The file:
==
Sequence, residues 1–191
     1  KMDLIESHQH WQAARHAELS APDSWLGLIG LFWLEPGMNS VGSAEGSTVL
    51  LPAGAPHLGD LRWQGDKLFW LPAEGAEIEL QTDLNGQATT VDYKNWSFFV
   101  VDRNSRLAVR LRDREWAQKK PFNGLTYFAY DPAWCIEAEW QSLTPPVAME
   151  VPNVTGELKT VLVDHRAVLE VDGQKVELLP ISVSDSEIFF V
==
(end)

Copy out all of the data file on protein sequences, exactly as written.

Sequence, residues 1–191
     1  KMDLIESHQH WQAARHAELS APDSWLGLIG LFWLEPGMNS VGSAEGSTVL
    51  LPAGAPHLGD LRWQGDKLFW LPAEGAEIEL QTDLNGQATT VDYKNWSFFV
   101  VDRNSRLAVR LRDREWAQKK PFNGLTYFAY DPAWCIEAEW QSLTPPVAME
   151  VPNVTGELKT VLVDHRAVLE VDGQKVELLP ISVSDSEIFF V